Only recently did I realise that since I moved back to Dublin in July I’ve been living near mile 16 of the Dublin Marathon course.
So, as part of my training and mental preparation for the race, now only two weeks away, I decided to run in the last 10 miles of the course this morning.
I already know this end of the course quite well – after all, I’ve run the Dublin Marathon three times before. I’ve also taken plenty of training runs up the Clonskeagh and Roebuck stretch, the so-called Heartbreak Hill of Dublin. But on race day I’ve always found that hilly section to be my undoing – perhaps mentally as much as physically. And the Merrion Road at mile 23 has felt tough too, with nothing to relieve its monotony.
This morning’s run, then, was intended to help me get a mental fix on parts of the course where my mind has struggled in the past.
I set off this morning by running a little bit back up the course, so that I could turn around and run past where I live. The top of our road comes at a crucial part of the race, just before the marker for mile 16 where the course turns from south to east, towards the toughest section of the race and back towards the city-centre finish. Even on my test run this morning I felt such a buzz going past my home, so I’m sure it’ll give me a great lift on race day.
The Templeogue Road, almost a straight half-mile, felt long and monotonous, so I looked for landmarks that would break it up in my mind, such as the end of the Bushy Park wall and then Terenure public library.
Coming out of Rathgar, at mile 17 I missed the turn for Orwell Park, a tree-lined residential street. As I headed back to the turn I saw a group of club runners approaching from Rathgar and seemingly intent on running the marathon course too. Call it competitive instinct or egotism, but for some reason I resolved to finish the course ahead of them.
Mile 18 dips down to the Dropping Well pub at Milltown before rising after the tram viaduct. This brief hill is where I started to fade in my first Dublin Marathon, in 2004. Today I felt a lot better – I passed two other runners and kept the following group around 100 metres behind me.
From Milltown the course swings around the bend at Clonskeagh and down to the bridge over the river Dodder, where the mile 19 marker is. This marks the start of the Dublin Marathon’s Heartbreak Hill – a mile and a half uphill. Today I was determined to ascend it quickly and steadily. I passed another runner and there was no sound behind me – had the group stopped or just fallen silent? I drove on.
As I reached the top of the hill and swung left onto Foster’s Avenue, I was buzzing with satisfaction. This was exactly what I wanted from today’s run: to reinforce positive vibes and images. From here on, you’re running in for home.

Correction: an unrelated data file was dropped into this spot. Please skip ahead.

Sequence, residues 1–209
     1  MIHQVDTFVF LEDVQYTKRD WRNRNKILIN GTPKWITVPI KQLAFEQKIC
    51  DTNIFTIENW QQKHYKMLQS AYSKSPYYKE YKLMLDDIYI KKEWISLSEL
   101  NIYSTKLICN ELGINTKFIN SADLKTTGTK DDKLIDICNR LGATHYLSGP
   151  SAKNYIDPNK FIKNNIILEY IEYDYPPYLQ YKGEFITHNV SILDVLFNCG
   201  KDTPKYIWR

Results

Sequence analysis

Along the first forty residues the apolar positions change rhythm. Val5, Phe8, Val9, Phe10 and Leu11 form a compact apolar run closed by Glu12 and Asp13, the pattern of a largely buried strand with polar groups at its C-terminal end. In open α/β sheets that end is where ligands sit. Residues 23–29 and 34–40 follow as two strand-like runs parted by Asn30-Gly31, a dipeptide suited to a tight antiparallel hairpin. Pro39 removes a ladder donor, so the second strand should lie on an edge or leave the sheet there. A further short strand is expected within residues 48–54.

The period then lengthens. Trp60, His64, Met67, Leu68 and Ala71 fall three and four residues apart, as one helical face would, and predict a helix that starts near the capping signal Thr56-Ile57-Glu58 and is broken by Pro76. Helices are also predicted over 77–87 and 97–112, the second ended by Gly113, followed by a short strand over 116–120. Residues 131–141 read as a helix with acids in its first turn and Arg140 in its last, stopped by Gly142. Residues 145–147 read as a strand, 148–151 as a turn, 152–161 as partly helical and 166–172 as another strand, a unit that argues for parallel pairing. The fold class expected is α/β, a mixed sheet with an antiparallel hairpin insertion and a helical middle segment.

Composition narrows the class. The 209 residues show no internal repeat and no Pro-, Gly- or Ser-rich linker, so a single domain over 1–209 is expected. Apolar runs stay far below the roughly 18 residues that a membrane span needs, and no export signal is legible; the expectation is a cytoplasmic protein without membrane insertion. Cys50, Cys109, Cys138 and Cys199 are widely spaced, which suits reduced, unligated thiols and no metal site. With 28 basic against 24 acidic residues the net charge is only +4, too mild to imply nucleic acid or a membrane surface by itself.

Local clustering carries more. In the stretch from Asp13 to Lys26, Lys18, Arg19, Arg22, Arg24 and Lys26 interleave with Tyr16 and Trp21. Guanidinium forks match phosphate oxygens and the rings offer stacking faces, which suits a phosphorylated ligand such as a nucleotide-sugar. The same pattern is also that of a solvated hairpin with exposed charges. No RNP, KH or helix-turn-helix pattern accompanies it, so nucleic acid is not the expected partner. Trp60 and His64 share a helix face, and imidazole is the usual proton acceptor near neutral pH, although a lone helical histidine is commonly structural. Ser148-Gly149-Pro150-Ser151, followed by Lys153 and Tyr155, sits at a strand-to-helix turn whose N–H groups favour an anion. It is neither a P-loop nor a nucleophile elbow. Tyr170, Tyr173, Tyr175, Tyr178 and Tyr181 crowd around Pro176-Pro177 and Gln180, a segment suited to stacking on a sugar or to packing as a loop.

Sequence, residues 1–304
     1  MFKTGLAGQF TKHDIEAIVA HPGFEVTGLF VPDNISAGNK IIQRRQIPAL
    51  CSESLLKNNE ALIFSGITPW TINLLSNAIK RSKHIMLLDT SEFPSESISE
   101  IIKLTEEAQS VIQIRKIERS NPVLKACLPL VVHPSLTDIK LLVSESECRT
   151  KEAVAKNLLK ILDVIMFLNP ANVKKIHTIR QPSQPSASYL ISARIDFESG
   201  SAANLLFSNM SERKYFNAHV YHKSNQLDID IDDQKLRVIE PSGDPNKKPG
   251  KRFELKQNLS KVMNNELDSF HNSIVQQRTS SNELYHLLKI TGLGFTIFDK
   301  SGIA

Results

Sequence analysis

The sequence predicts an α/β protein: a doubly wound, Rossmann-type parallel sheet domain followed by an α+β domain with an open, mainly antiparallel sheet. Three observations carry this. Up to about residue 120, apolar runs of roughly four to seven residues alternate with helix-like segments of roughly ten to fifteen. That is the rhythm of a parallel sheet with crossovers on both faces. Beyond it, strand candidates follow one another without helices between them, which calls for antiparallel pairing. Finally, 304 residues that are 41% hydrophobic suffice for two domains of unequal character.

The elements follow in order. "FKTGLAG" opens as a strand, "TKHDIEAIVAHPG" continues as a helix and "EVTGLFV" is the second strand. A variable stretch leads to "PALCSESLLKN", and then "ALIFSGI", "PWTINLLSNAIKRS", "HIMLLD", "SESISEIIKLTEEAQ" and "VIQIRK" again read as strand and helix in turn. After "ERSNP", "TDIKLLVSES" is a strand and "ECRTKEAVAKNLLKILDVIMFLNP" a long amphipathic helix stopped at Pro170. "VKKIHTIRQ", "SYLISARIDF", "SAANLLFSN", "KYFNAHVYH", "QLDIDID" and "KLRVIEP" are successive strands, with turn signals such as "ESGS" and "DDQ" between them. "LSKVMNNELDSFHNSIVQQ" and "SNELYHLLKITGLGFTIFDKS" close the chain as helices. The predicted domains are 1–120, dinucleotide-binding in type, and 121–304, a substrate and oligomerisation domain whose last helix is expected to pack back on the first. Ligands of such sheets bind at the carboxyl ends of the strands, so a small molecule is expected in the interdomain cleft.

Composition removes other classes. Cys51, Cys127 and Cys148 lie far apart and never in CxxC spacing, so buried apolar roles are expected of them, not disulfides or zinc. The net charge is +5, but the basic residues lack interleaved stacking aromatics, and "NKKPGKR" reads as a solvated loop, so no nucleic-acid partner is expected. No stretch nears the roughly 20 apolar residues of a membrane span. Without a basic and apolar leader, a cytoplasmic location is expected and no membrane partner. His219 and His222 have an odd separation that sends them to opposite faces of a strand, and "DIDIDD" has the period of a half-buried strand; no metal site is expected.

Crossing the flyover at UCD, at mile 22, I looked back up the road and saw that group of runners well behind. This gave me another shot of energy. Now I just had to get my head together for the last three miles.
On the Merrion Road I made sure I felt strong in my legs and happy in my head. The junction with Ailesbury Road is probably the only landmark along here to break up the distance to Ballsbridge, so I made a mental note to look for it on race day. At Ballsbridge there’s usually a large and noisy crowd so that will give me another boost as I head for the finish.
The last obstacle on the course is Grand Canal Bridge, at around 24 and a half miles. After this bridge you’re into the city centre and within hearing distance of the finish – but in previous races I’ve found it to be an energy-sapping wall rising into my face. This morning, of course, it was a mere bump in the road. Hold that thought.
Now I was on the run-in to the finish, with just a lap of Trinity College to go. Even on a Sunday morning College Green was busy with tourists, so I had a bit of dodging and weaving to do. But I emerged unscathed. Now I would just turn onto Nassau Street, pass the 26-mile marker and kick for home.
Well, there were still people along Nassau Street too, waiting for buses or heading into Trinity, so I couldn’t run flat out to practice my grandstand finish. But branching off to Clare Street, you’ll see the finish line on Merrion Square, and even this morning I got a shot of adrenaline running up there. I ran strongly to where I figured the line would be, and completed my run with a great sense of triumph.
About a minute later, that group of runners ran in for their virtual finish, giving themselves a cheer without realising that I had beaten them soundly in this Dublin Marathon dress rehearsal.
Out of habit I walked around the square in the same direction as when I’ll have finished the race and collected my medal and goodie bag. To think that in two weeks this square will be alive with runners! Having brought some paper money folded up securely in my pocket, I made up my own goodie bag this morning by popping into a shop nearby and getting a Mars bar and a bottle of Lucozade (goodie bag items from my races in the Phoenix Park this summer) and the Sunday papers. Then I got a taxi home.
I got a great kick out of running the last 10 miles of the marathon course this morning. On race day I’ll be aiming to run faster for longer, but now I have a huge psychological boost from such an enjoyable run, replete with positive images.
Most importantly, it left me raring to go for race day. Bring on the Dublin Marathon!